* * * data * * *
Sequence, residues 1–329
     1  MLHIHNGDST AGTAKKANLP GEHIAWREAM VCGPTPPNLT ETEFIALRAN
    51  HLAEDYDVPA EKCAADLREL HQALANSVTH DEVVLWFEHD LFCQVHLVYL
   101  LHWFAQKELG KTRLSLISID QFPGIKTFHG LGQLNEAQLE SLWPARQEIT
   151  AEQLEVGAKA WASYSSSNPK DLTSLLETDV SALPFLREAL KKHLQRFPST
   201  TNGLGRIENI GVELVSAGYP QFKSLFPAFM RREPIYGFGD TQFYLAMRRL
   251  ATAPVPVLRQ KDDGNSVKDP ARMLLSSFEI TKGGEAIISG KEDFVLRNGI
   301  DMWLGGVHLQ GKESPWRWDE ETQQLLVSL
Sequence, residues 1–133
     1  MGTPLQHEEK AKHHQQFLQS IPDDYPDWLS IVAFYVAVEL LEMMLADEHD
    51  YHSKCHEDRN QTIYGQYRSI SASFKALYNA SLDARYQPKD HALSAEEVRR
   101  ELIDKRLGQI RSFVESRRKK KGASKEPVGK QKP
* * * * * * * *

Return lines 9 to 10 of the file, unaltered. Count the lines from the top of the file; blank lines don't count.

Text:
Sequence, residues 1–133
     1  MGTPLQHEEK AKHHQQFLQS IPDDYPDWLS IVAFYVAVEL LEMMLADEHD